This fishing report, provided by Dustin Berg of Go Unlimited (supporting disabled anglers) and the Department of Game and Fish, has been generated from the best information available from area officers and anglers. Conditions encountered after the report is compiled may differ, as stream, lake and weather conditions alter fish and angler activities.
2020-2021 New Mexico fishing licenses are on sale, valid April 1 to March 31
A MESSAGE FROM THE DEPARTMENT OF GAME & FISH
As COVID-19 continues to force all of us to make changes to our daily schedule, the department would like to remind you that together we can make a difference. To help minimize the spread of the virus:
Practice social distancing.
Wash your hands regularly.
Avoid non-essential travel.
Wear a face covering.
Avoid interacting with large groups.
The department is continuing to adapt our ways of working to conserve wildlife for all New Mexicans. Through the COVID-19 pandemic, department biologists and conservation officers continue to conduct wildlife surveys, contact anglers and OHV recreationists and stock fish in open waters throughout the state.
Our teams are wearing personal protective equipment for everyone’s safety while working in small groups for maximum social distancing. We ask for your help to keep everyone safe and healthy by following the NMDOH public health emergency order by wearing PPE while staying at least six feet away from staff and equipment.
IN THIS WEEK’S REPORT
Berg shares more fly fishing and other tips from local anglers.
Dropshot fishing hack: Brandon Marshall of Las Cruces shares with us a perfect dropshot rig that he learned from an Arizona angler.
Instead of always having a set leader length, like on most dropshot rigs, Marshall can adjust his at any time while also preventing tangles.
First, take a bobber stopper and puts it onto his fishing line.
Next, slide a hook onto the line while making sure that the hook is facing up.
Then place another bobber stopper onto the fishing line below the hook.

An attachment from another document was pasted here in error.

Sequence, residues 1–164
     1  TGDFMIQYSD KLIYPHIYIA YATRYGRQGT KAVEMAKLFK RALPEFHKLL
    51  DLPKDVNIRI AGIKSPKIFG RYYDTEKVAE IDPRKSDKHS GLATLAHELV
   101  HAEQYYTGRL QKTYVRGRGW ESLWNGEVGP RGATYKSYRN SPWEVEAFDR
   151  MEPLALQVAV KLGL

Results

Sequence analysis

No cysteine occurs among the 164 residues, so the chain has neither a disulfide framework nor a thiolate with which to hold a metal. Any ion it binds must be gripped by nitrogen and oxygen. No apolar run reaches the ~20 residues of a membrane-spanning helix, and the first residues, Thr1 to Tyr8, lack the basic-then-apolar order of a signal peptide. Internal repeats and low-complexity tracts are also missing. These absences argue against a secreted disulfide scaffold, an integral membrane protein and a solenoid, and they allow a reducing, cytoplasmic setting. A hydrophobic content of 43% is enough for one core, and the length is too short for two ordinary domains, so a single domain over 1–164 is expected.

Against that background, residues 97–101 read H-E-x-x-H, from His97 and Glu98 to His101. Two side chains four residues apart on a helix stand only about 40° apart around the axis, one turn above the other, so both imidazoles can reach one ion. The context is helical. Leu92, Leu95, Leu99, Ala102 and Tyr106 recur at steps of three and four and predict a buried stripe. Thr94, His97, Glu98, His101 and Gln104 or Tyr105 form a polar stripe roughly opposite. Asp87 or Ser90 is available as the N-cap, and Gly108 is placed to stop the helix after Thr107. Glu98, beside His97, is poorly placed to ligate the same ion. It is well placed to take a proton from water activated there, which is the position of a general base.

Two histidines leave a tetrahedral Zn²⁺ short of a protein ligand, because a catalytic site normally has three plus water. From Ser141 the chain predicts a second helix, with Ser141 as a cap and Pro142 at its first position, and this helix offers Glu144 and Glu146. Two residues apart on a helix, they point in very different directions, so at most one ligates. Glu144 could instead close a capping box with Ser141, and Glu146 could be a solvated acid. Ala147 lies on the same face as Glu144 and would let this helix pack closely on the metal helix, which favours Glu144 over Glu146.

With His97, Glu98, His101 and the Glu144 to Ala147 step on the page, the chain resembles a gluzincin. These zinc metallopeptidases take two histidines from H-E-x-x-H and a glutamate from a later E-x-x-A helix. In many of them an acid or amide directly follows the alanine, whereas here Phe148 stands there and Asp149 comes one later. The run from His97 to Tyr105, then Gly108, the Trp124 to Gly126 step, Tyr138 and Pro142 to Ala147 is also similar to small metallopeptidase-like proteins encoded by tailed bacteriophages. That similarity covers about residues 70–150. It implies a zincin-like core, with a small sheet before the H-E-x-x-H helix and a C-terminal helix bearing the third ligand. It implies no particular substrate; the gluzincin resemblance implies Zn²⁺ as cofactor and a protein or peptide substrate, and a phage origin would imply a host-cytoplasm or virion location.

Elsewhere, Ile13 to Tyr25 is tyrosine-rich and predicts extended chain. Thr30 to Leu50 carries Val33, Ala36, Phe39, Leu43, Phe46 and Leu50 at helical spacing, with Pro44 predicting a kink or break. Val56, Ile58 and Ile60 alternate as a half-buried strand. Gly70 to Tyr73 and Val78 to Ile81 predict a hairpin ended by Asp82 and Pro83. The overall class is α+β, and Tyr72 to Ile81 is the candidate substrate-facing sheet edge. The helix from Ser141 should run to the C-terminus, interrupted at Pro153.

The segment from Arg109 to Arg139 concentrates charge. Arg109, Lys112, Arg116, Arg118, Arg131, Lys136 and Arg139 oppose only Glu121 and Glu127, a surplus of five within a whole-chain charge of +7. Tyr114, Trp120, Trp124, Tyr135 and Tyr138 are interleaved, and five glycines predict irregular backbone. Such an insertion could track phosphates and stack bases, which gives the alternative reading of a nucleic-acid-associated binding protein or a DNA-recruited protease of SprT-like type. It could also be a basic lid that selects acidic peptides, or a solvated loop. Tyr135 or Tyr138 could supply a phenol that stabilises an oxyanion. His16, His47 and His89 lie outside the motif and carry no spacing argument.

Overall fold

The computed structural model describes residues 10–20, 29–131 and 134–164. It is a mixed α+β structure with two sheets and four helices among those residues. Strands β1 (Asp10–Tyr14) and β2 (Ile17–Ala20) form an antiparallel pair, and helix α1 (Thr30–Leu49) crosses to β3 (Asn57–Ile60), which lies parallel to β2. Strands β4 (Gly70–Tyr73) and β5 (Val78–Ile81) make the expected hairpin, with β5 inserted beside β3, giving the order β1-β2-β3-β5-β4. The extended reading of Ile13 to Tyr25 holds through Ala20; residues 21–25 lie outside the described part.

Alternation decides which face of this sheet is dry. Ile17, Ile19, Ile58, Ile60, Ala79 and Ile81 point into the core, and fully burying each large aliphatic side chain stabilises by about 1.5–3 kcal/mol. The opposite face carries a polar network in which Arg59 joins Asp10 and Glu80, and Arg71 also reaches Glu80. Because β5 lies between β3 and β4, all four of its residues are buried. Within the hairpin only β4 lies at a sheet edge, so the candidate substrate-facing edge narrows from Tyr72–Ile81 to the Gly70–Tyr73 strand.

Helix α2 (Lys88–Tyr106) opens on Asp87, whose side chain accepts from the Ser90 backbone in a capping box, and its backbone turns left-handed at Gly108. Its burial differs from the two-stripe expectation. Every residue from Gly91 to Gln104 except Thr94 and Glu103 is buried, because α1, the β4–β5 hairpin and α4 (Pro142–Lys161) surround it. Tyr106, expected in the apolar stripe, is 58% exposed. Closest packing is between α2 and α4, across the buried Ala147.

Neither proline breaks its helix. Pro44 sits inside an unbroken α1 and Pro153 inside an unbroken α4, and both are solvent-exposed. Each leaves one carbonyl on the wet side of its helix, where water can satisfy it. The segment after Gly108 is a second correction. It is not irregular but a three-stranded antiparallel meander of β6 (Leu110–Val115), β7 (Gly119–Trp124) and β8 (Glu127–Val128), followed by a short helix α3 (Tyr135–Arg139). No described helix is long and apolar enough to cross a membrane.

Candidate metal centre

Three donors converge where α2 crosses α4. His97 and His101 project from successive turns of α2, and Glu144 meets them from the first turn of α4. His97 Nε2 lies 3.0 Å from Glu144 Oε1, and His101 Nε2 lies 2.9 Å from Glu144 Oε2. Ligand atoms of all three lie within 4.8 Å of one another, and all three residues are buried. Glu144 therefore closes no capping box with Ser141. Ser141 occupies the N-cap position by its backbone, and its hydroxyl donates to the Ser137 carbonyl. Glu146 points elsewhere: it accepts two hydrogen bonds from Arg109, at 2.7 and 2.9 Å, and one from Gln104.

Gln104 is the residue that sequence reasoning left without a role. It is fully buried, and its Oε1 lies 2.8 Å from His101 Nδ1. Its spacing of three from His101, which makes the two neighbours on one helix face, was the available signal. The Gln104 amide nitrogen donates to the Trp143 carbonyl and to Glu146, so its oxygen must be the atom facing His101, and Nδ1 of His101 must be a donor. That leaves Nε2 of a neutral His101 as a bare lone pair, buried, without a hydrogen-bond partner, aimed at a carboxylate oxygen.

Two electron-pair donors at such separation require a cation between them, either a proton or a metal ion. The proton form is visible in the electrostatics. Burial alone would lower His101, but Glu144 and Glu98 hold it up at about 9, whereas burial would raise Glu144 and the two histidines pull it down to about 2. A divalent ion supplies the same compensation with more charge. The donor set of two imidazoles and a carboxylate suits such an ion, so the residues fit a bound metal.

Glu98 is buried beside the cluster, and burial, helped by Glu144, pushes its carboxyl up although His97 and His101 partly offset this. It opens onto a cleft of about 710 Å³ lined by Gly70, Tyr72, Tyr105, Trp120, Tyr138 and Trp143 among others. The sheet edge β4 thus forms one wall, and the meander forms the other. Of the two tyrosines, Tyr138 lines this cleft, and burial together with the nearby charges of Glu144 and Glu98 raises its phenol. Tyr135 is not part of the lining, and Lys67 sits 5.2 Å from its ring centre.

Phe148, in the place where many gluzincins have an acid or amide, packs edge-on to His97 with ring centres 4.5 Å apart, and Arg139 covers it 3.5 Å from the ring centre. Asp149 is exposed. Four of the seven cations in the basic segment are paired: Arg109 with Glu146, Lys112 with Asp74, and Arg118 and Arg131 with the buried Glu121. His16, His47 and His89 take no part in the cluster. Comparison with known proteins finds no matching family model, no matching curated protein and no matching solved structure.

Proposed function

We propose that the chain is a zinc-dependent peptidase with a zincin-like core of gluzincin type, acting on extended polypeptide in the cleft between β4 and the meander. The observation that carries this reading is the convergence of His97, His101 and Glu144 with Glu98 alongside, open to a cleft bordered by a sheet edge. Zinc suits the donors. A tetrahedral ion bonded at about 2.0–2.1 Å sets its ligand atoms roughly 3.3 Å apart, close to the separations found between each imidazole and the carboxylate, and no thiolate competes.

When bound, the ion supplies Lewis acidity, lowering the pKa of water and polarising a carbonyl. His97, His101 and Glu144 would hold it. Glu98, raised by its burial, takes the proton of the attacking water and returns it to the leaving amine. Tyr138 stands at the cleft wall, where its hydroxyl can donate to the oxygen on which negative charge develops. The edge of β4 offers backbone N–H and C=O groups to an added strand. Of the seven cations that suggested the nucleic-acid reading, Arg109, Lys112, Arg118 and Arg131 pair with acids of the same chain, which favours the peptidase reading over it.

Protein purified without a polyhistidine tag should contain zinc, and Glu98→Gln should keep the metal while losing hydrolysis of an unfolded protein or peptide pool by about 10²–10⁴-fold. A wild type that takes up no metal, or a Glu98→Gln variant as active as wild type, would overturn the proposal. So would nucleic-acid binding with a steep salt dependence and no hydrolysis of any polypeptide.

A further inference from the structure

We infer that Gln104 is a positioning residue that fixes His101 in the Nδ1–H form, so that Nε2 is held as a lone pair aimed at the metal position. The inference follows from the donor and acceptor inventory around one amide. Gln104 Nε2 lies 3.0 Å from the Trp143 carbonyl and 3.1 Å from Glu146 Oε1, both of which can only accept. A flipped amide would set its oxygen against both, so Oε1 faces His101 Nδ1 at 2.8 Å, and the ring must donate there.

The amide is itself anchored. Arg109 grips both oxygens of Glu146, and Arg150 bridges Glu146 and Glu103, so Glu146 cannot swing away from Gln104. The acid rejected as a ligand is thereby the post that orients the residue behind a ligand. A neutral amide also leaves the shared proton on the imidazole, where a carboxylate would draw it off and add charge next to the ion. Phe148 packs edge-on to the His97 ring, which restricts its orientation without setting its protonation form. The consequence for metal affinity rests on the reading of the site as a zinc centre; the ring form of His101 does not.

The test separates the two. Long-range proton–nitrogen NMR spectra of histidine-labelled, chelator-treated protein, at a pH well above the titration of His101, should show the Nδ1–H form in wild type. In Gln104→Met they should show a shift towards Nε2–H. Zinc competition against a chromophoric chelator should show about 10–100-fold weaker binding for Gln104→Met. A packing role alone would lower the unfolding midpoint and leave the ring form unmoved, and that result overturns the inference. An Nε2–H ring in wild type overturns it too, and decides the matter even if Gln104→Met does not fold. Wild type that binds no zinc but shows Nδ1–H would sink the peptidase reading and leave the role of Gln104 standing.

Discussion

Lastly, simply tie on a teardrop weight to the end of the fishing line.
With this rig, the hook stays at your desired depth. By sliding the hook and bobber stops up or down on your line, you can easily change the depth of your hook. When a fish bites, the fish and hook slide down the fishing line to the weight, preventing tangles.
Note: Make sure the bobber stoppers you use are rated for the pound test line you are using so that the stoppers are not too loose or too tight on your line.
Marshall has had success with this rig at Trees Lake in Deming and Elephant Butte Lake. He likes to use Robo worms for largemouth bass and plastic minnows for white bass.
It is so easy and makes so much sense. Thanks for the tip!
KEEPING FISHING SIMPLE: Four-year-old Lilly May Lovato reminds us that catching fish does not have to be so complicated. She loves to fish with her Mickey Mouse fishing rod at Eagle Nest Lake. With just her rod, a jar of PowerBait and a few hooks and weights, Lilly is ready to go. What she really likes is how beautiful it is at the lake and being surrounded by nature. She reminds us that it does not always take the most expensive gear or experienced angler to enjoy a great day outdoors with family.
Any anglers willing to share their experiences, techniques or tackle, please contribute by emailing Berg at firstname.lastname@example.org.
The department reminds anglers it is their responsibility to be aware of closures and contact land managers for properties of interest when restrictions are lifted.
Bureau of Land Management (BLM) — blm.gov/new-mexico
U.S. Forest Service (USFS) — fs.usda. gov/about-agency/covid19-updates
New Mexico State Lands — nmstatelands.org/resources/ recreational-access/
New Mexico State Parks — emnrd.state.nm.us/SPD/
New Mexico Open Gate Properties — wildlife.state.nm.us/hunting/maps/ open-gate-program/
New Mexico Wildlife Management Areas — wildlife.state.nm.us/conservation/ state-game-commission-lands/
Consult local government websites for information regarding specific city and town fishing access.